He Gave Up a Job With Google for Music
Upon graduating Wharton, Hoodie took a job as an account executive at Google in Mountain View, California. Even though this was a position college graduates would have wanted more than anything, the music was still calling Hoodie.
He worked at his job all day, and them created music at night. He performed on the weekends. After a year of this dual lifestyle that involved very little sleep, he made the decision to-gasp-quit his job at Google and persue music full time.
He never looked back.
How College Created the Hoodie Brand
If you are like me, you associate Hoodie Allen with Woody Allen.
This was not a mistake, but a brilliant marketing ploy used to take advantage of his roots-a Jewish kid from New York who did his own thing.
How does Hoodie use these strategies?
First of all, all of his earliest music could be downloaded for free. When was the last time Beyonce, Taylor Swift or Bon Jovi gave away a song, yet alone an entire album, for free?
Giving away his music for free was the perfect way to gain exposure and get his music out to as many people as possible. As a new artist, the easiest way to get your music heard is not have people pay for it.  There is absolutely no risk involved. Since most of his present audience consists of teenagers and college aged people, their funds are limited. He sent mixtapes out to music bloggers who would listen to them and then promote his music. They in turn would send people to his website so they could download his free songs.
Another media savvy technique Hoodie employs is YouTube. When he is in town for a concert, he happily meets with the local internet media outlets. While these interviews are not the most professionally done, they are one way for Hoodie to reach out to his audience on a level they understand and appreciate.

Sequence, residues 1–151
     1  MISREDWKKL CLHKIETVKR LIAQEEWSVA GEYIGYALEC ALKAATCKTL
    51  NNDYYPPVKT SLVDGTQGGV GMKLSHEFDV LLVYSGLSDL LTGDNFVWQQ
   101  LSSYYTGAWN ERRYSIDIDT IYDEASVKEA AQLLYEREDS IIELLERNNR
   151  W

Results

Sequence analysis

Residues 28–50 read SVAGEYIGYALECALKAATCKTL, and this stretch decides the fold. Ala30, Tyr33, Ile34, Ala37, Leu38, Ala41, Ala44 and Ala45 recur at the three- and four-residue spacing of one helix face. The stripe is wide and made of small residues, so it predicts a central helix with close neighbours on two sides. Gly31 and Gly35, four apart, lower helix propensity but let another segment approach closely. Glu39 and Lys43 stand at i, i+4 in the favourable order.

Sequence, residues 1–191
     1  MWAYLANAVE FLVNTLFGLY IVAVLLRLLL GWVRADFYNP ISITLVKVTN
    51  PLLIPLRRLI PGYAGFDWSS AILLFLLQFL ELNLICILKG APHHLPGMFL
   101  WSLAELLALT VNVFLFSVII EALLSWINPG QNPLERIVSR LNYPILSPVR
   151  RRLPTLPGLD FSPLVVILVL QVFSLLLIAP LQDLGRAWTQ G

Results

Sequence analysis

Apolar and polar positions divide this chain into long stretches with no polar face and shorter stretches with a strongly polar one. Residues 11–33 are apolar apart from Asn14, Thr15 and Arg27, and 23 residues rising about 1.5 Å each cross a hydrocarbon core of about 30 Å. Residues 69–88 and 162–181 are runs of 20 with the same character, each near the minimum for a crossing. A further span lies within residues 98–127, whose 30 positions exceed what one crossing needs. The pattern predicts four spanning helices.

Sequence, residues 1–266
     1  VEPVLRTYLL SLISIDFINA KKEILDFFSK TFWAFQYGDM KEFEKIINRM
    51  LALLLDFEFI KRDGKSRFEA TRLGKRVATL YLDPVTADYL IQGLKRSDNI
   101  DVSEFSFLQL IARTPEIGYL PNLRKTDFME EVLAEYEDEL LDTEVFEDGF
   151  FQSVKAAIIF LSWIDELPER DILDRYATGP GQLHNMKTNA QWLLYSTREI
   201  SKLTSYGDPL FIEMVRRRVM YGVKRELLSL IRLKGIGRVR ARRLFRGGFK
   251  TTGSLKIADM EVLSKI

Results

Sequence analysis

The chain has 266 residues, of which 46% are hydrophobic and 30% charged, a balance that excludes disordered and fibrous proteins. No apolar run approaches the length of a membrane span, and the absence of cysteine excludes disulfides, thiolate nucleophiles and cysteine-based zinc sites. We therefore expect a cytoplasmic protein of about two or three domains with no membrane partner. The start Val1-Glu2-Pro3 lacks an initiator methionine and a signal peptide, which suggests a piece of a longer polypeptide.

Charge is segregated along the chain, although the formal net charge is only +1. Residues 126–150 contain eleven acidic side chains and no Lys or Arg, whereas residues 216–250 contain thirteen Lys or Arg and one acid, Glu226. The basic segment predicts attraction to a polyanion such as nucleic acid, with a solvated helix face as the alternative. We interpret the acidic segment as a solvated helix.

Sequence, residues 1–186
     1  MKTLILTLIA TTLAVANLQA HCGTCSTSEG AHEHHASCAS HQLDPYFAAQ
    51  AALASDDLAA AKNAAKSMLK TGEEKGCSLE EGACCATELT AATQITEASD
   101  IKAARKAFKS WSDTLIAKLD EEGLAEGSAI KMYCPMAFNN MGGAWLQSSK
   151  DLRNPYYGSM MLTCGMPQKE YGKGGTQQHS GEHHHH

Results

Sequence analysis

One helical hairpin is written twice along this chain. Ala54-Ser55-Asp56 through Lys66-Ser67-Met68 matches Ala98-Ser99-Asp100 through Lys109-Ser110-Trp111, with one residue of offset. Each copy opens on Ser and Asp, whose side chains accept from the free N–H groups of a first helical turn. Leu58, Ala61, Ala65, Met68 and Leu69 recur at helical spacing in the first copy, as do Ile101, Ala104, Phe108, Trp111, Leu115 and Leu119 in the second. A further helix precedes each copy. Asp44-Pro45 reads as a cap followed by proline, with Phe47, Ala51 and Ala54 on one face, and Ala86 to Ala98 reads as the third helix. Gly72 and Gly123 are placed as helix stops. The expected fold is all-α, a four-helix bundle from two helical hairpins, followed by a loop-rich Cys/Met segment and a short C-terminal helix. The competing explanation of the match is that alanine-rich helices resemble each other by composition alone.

In addition to YouTube, Hoodie is an avid Twitter user. He answers all of his Tweets, including several my daughter has Tweeted to him. When he performed at the BBYO International Convention in February, he Tweeted how much he enjoyed hanging out with "the tribe".
The teens LOVED it!
He is present on his Facebook page and responds to the fans who write on his wall. His website is fun, user friendly, and where fans can download music for free.
He's a Nice Guy
The fans are what makes his success possible, and Hoodie does not forget that. After his concerts, he sticks around to talk to them, take pictures with them and sign autographs. He did this for my daugher and her friends at the event they went to this spring.
You Are Not a Robot
Not a clean version
A #1 iTunes HitCredit: www.amazon.com
In the spring of 2012, Hoodie released his first album that fans had to pay for. All American was his first collection written solely by him without using samples from other artists. It rose to number 1 on the iTunes chart on April 10, 2012. Hoodie Allen released his new single “Make it Home (feat. Kina Grannis) on May 15, 2013 and it debuted in the #9 spot.
Nice guys do rise to the top.
The Future for Hoodie
Hoodie Allen is embarking on a European tour this September with a limited number of concert dates. In a recent Tweet, he asked his fans what cities should be on his next American tour, as he genuinely wants their input.
Staying connected to his fans is what separates Hoodie from other artists. Will he be able to maintain this level of personal contact as his popularity rises? Only time will tell, but if the past is indiciative of the future, he is certainly going to try.